Driving Spain's interest in Brazil home, Spanish Prime Minister Jose Luis Rodriguez Zapatero visited in January, promising new investment to build on what Spain started in the late 1990s, spurred by a wave of privatizations of Brazilian state-owned companies. He opened a new consulate in a former mansion in a fashionable Sao Paulo neighborhood, promising help for small and medium size Spanish businesses in Brazil, since multinational companies are already well-entrenched.
Spain's Prince Felipe de Borbon y Grecia of Asturias followed, opening the investment conference and saying Spain wants to be a preferred partner in Brazil's modernization plans.
While the conference was under way, Brazil's state-run oil company Petroleo Brasileiro SA confirmed negotiations for a joint venture with Spanish-Argentine energy group Repsol YPF SA to explore a giant natural gas field off the coast of southern Brazil.
Analysts said the United States should take notice of the effort by Spain to woo Brazil. While no one expects Spain to surpass the United States as Brazil's biggest foreign investor, the Spanish push is likely to pay off with greater access to Brazil's markets.
"Brazilians are very grateful for whatever respect is shown for their institutions," said Riordan Roett, director of Western Hemisphere studies at Johns Hopkins University in Washington, D.C. "Spaniards have realized Brazil is a much lower risk place for business than it was two or three years ago, and they want to get in early."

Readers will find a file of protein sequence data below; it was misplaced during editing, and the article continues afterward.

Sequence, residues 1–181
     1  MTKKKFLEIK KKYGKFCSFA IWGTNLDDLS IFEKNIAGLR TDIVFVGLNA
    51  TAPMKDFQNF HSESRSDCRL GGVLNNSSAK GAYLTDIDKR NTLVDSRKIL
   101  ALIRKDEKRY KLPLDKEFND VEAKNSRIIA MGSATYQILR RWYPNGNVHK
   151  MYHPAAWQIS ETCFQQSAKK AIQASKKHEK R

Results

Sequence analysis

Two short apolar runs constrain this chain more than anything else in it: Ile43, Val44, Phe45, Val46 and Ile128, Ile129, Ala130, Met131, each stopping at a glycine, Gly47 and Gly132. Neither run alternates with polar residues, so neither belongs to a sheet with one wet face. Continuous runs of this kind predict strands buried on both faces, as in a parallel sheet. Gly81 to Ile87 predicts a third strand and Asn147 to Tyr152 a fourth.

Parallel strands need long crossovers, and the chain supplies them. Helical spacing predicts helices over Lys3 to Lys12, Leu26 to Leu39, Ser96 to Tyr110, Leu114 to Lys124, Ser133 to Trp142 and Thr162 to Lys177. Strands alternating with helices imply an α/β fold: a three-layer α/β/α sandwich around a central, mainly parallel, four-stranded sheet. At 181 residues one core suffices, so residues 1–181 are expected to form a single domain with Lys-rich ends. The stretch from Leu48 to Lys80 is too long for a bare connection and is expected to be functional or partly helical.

Spanish companies have an edge for future investment in Brazil because they started buying companies in the 1990s and stuck with their investments in the country even when the economy nose-dived over fears Silva would default on its debt, sending the nation into an economic meltdown.
"The first thing they do is they get the right management team in place, local people running the business," said Luiz Muniz, who heads the investment bank Rothschild Brasil. "It is a Spanish company with Brazilian people running it."
Making deals happen in Brazil can be easier for Spaniards than it is for other foreign business executives in part because of strong ties between Brazil and Spain.
"We've got a lot in common," said Fortuoso, the engineering executive. "The languages are similar, the religion (predominantly Roman Catholic) is the same and it's Latin culture."
But Spain's Elcano Royal Institute, founded by Prince Felipe, warns that the country's increasing investment in Brazil and other South American countries is risky given the region's history of volatile economic swings. And Spain will also face stiff competition, particularly from China, a major consumer of Brazilian agricultural and mining products, as it works with Brazil to revamp its infrastructure and ensure prompt export deliveries.
China's president was welcomed in Brazil last November, and clinched a deal with the Brazilians to help build a $1 billion natural gas pipeline.
Spain's Brazilian investments "will be overwhelmed by China," Roett predicted. "Over the next few years, China will be going in big time."
[Source: Associated Press by Forbes, 06Mar05]